This is a short post in support of the “Can CO2 Form a “Blanket?” post.
Let do a few simple thought experiments, and see what would happen if we mixed two gases under different circumstances. Let’s imagine we have a sealed container with a barrier in the center, dividing the container into two equal spaces, upper and lower. The barrier can be removed (without unsealing the container) to create one continuous space.
For our first experiment, lets pump CO2 into the bottom chamber until it displaces any previous gas and likewise fill the top chamber with O2. Let’s assume that both gases are at the same temperature and the same pressure. Now let’s quickly slide the barrier away and see what happens. The instant the barrier is remover, some CO2 molecules from the bottom half of the container would move into the O2 space and vice versa. They would continue until they hit another molecule and bounced off of it. At the interface, a little game of atomic billiards would have started. CO2 molecules, bouncing around randomly would enter the top chamber and, at first, mostly be bounced back by O2 molecules heading down into the bottom space. As time progressed, the space near the initial interface would become progressively more mixed and some CO2 molecules would, simply by the luck of how they were bouncing around, creep closer and closer to the top of the O2 chamber. And, the reverse would be happening with the O2 molecules; as time went on greater numbers of them would be headed towards the bottom of the container.
As the experiment unfolded, the concentration of each of the gases would form a gradient — almost all CO2 near the bottom of the container, almost no CO2 near the top, with the reverse holding for the O2. Finally, the gradients would disappear as the random jumbling of the molecules thoroughly mixed the gases in the chamber.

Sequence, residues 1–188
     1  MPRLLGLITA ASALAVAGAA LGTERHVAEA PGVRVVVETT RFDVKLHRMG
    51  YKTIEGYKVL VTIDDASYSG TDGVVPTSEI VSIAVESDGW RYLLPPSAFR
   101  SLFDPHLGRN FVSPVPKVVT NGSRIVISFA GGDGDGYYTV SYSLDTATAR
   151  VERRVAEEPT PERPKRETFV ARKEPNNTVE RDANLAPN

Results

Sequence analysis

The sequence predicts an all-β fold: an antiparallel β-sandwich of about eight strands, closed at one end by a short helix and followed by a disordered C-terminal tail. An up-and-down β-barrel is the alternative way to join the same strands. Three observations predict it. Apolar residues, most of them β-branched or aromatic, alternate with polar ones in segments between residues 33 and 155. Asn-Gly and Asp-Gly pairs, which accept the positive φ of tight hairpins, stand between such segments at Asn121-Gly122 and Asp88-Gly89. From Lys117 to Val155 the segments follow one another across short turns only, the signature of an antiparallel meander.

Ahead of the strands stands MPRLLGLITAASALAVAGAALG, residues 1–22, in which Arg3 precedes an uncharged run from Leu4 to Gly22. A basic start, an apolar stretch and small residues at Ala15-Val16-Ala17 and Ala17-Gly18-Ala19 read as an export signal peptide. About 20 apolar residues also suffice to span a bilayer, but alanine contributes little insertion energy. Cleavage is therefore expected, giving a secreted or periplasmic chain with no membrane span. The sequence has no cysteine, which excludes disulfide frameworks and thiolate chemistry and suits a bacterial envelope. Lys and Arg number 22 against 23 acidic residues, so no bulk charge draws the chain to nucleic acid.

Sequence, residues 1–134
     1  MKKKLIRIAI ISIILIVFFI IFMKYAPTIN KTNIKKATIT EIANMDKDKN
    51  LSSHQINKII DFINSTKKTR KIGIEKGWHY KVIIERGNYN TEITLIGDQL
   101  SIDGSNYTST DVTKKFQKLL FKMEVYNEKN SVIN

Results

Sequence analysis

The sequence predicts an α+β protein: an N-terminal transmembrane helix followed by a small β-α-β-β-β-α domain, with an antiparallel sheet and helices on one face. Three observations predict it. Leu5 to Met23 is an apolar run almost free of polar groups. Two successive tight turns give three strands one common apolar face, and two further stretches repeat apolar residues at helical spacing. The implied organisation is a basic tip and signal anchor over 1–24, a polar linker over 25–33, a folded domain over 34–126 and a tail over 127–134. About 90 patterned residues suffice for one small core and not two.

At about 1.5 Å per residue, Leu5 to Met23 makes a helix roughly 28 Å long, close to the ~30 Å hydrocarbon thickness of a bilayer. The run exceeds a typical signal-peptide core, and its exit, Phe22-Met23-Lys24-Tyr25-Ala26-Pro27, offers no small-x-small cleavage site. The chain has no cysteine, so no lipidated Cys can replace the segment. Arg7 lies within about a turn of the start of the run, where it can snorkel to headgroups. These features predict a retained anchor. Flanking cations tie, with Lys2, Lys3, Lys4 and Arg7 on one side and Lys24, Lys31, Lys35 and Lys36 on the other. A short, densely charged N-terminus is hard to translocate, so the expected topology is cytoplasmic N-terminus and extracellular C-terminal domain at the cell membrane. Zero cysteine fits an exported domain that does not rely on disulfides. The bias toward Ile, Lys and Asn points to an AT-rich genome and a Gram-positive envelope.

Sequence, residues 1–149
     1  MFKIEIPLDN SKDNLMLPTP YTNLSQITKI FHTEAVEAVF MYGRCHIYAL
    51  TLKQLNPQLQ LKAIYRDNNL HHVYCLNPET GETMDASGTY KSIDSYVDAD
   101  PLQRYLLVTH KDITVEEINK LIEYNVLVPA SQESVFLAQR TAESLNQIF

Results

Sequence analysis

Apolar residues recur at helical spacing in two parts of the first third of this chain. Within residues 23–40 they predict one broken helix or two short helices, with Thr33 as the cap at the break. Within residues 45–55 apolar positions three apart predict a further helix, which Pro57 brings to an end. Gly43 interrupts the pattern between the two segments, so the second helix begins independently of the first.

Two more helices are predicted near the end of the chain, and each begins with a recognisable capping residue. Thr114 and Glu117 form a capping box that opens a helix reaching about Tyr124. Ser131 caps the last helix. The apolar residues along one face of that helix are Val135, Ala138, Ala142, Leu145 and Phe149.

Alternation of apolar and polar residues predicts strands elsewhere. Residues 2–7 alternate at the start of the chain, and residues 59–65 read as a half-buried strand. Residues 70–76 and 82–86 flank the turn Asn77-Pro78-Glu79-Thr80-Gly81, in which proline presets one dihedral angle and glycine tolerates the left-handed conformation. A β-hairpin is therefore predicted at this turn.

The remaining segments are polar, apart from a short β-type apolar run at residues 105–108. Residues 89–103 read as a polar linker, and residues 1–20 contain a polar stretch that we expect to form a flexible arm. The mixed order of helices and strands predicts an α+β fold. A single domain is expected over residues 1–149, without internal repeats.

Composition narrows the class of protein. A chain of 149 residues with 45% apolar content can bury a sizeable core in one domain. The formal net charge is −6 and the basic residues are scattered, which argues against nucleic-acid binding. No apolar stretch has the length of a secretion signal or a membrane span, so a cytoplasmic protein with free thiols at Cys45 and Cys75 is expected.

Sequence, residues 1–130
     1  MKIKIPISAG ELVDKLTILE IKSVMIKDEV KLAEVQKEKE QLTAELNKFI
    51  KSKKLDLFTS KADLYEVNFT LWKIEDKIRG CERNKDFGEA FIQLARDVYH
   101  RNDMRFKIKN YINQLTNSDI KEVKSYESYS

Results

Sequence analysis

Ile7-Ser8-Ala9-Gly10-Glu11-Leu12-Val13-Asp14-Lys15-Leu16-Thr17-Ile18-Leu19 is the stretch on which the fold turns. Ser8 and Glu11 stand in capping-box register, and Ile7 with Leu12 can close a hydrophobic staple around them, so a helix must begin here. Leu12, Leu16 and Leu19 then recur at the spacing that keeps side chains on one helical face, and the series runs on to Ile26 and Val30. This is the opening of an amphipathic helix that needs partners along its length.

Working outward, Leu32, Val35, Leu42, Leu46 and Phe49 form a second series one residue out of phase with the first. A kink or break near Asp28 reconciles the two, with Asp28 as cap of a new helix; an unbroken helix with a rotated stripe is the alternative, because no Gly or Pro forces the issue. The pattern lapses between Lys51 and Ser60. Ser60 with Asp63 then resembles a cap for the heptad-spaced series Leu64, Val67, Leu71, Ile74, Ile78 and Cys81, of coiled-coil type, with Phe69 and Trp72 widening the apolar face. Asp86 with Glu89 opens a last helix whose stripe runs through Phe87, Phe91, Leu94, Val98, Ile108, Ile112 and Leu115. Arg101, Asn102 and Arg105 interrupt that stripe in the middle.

At the end of the experiment, the ideal gas laws would describe the container quite well. However, at the beginning of the experiment, they would not. That’s because the ideal gas laws describe the equilibrium condition of a system. The ideal gas laws have bothing to say about systems that are not at equilibrium or how fast they will approach equilibrium — which again is the key to understanding the idea of a CO2 blanket.
Now let’s modify our experiment and run it again. We’ll do everything the same except that — as the experiment progresses — we’ll keep pumping CO2 into the bottom chamber (from the bottom) and we’ll release any excess pressure through a valve at the top of the chamber. In this case, when the barrier is removed and the atomic billiards begin, extra CO2 molecules are entering the chamber from the bottom, slowing the progress of O2 molecules, compared to the previous experiment. Over time, since CO2 is being added, and O2 can only be lost, the chamber will eventually contain pure CO2.
Now, let’s modify the experiment one last time and rerun it. In this let’s start with the conditions of the first experiment except for one thing, let’s make the CO2 colder than the O2. If we run this experiment, the results are similar to what we got in the first experiment, only it took longer for the system to reach equilibrium. The game of atomic billiards was slowed because the CO2 molecules were (on average) moving slower than the O2 molecules and it took longer for the whole jumble to get evenly mixed.